So it’s fun to work within the framework of reinterpreting and reinventing existing elements – to put an unexpected spin on a track or hook that people know. I`ll always try and go in the opposite direction from what the original did whilst still having the restrictions of not pushing it too far.

Writing a track from scratch can seem like throwing every kind of bait available into the water waiting for a fish to bite and then it might not even be a dance floor killer fish that you catch! Ain’t nobody got time for that!

Will Sad Paradise become your primary project for outdoors?

I’m hoping that Sad Paradise will become a contender for the late to last sets of the parties for some good ol’ mashed up fun. Lets wait and see.

Late to last sets of the party, but that’s typically where Broken Toy has been fitted in?

Yeah, my favourite sets with Broken Toy over the years have been midday slots or anywhere that the dance floor thinks it’s heard it all. Then you have a bit more freedom to get slightly more twisted and people react to it better.

In the last few years though I did notice that the Broken Toy sets have been pushed earlier and earlier in the morning to make space for the new style progressive dominating the afternoon, and that makes sense.

You’re still well equipped for the night time though.

I have so much material to draw from it’s hardly a problem for me to play at night. I do treat it more like a club gig though, where everything needs to get straight to the point rather than a day set where I’ll meander around and play much more groovy and varied.

Day time is definitely my preference so I can show off more of my versatility.

What’s happening on the Super Evil front?

Arno is having fantastic success forging a proper metal scene in South Africa with his bands Zombies Ate my Girlfriend and Infanteria (who are just about to go play at the biggest metal festival in Europe I might add!), so we haven’t been able to finish up the heap of half written tracks we’ve been sitting on for a while now.

What we have been able to do though, is start a collaboration with my old friend Deon from Damage to start a bit of Damage VS Super Evil thing, which is completely brutal and over the top. He took the dark and brooding parts of Super Evil and just turned it into a total frenzy. Crazy shit – watch out in case it sneaks up on you.

Tell me a bit about how you allocate (writing) time for each project.

In case nobody noticed, I’m a bit scatter-brained with my musical output, and in the early days I suffered writer’s block because I was trying to force myself to just work in one style .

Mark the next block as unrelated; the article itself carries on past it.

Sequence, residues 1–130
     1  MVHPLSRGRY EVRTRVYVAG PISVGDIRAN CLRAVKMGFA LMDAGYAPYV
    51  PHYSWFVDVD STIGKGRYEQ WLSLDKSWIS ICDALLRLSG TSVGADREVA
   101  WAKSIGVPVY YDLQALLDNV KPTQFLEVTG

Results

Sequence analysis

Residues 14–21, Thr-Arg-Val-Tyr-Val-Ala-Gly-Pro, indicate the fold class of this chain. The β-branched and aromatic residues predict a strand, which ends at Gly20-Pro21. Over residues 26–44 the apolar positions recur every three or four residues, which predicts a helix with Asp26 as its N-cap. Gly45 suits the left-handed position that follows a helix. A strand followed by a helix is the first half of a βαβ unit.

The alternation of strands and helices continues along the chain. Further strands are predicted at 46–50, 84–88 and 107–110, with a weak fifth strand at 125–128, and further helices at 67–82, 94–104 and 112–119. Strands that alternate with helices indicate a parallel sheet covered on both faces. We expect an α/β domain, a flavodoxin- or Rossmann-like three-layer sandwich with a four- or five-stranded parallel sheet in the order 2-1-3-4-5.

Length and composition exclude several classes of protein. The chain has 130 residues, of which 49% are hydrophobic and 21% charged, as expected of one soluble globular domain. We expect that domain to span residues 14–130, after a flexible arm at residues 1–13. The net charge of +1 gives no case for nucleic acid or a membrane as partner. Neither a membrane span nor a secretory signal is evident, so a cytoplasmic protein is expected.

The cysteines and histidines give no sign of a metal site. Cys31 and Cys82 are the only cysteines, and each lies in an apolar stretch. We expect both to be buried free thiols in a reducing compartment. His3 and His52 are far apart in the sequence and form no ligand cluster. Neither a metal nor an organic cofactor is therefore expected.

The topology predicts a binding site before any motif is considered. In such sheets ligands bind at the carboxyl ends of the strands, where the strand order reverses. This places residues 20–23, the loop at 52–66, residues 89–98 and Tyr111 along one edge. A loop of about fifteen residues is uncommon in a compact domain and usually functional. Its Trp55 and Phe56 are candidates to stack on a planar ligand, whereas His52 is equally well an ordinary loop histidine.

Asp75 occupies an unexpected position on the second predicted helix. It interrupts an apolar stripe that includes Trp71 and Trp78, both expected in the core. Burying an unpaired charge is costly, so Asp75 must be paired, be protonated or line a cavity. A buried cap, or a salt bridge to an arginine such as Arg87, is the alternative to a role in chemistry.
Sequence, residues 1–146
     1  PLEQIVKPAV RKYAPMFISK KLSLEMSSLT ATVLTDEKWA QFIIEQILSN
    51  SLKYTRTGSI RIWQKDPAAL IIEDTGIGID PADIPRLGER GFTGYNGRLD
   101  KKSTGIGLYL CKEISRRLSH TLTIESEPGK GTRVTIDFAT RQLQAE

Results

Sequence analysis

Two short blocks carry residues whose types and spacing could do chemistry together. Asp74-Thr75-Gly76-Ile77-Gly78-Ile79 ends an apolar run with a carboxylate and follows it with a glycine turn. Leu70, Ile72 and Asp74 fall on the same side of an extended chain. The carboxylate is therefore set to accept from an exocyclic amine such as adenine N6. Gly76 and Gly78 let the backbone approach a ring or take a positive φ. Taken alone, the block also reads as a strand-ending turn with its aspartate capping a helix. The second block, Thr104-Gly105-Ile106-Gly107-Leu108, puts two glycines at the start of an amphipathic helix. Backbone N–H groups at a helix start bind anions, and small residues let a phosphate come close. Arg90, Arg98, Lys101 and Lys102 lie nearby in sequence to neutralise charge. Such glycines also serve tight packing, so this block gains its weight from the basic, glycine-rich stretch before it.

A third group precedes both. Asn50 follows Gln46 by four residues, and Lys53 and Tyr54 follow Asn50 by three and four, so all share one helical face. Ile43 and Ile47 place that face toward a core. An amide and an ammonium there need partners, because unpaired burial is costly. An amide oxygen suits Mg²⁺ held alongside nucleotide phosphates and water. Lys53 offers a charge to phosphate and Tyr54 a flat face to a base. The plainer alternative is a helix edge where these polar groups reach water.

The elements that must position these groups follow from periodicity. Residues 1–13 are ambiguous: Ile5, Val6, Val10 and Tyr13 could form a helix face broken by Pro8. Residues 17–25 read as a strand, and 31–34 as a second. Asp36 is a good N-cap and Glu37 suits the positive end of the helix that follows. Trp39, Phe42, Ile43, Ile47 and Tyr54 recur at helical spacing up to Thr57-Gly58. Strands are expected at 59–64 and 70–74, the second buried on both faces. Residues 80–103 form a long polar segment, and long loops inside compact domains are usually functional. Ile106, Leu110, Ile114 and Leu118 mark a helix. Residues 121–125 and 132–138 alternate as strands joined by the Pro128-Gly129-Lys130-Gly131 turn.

Now I have so many outlets for my creativity that I can’t really get bogged down. I just work on what I feel like that day. More often than not, I’ll start a day with something completely new and hammer at it until I lose interest.

Then I’ll go through all my other sketches making tiny changes here and there based on a “first impression” listen and work on stuff that grabs me at that moment – whatever project it is.

Quite a liberating way to work actually.

How long does it typically take to write a track?

Well, I have a scattered approach to writing where I’ll normally be working on about 5 different tracks at once, so it’s hard to say.

I start off a day on something new from scratch and push it as far as I can before i lose interest. Then i’ll just casually listen through all my other current sketches waiting for something that catches and I’ll dive into that for as long as i can. I do some scattered calculations and I think I put about 3 days of work into getting something done in the end.

That’s not to say I haven’t spent ages on tracks though – I think it took me over 3 years to write Necessary Roughness for example, whereas my Shiny Discoballs remix took me 5 hours. No real creative comparison between those two, but you get the idea.

How has becoming a father changed you? Does it influence your musical output at all?

It has been a huge lesson in time management and my musical output has somehow increased five-fold while my time to work on music has actually halved! The maths do not make sense!

As for how having this beautiful little impish creature running around eating all my equipment is going to truly affect my music remains to be seen.

I feel some huge shifts happening in my creativity, but so far it feels like it’s extending what I already do rather than sending me in new directions.

Thanks for the interview! Any last words before we finish off?

Thanks to those brave souls who chilled up on MIR for the sake of furthering our knowledge of space. Respect – that must have been well dodgy.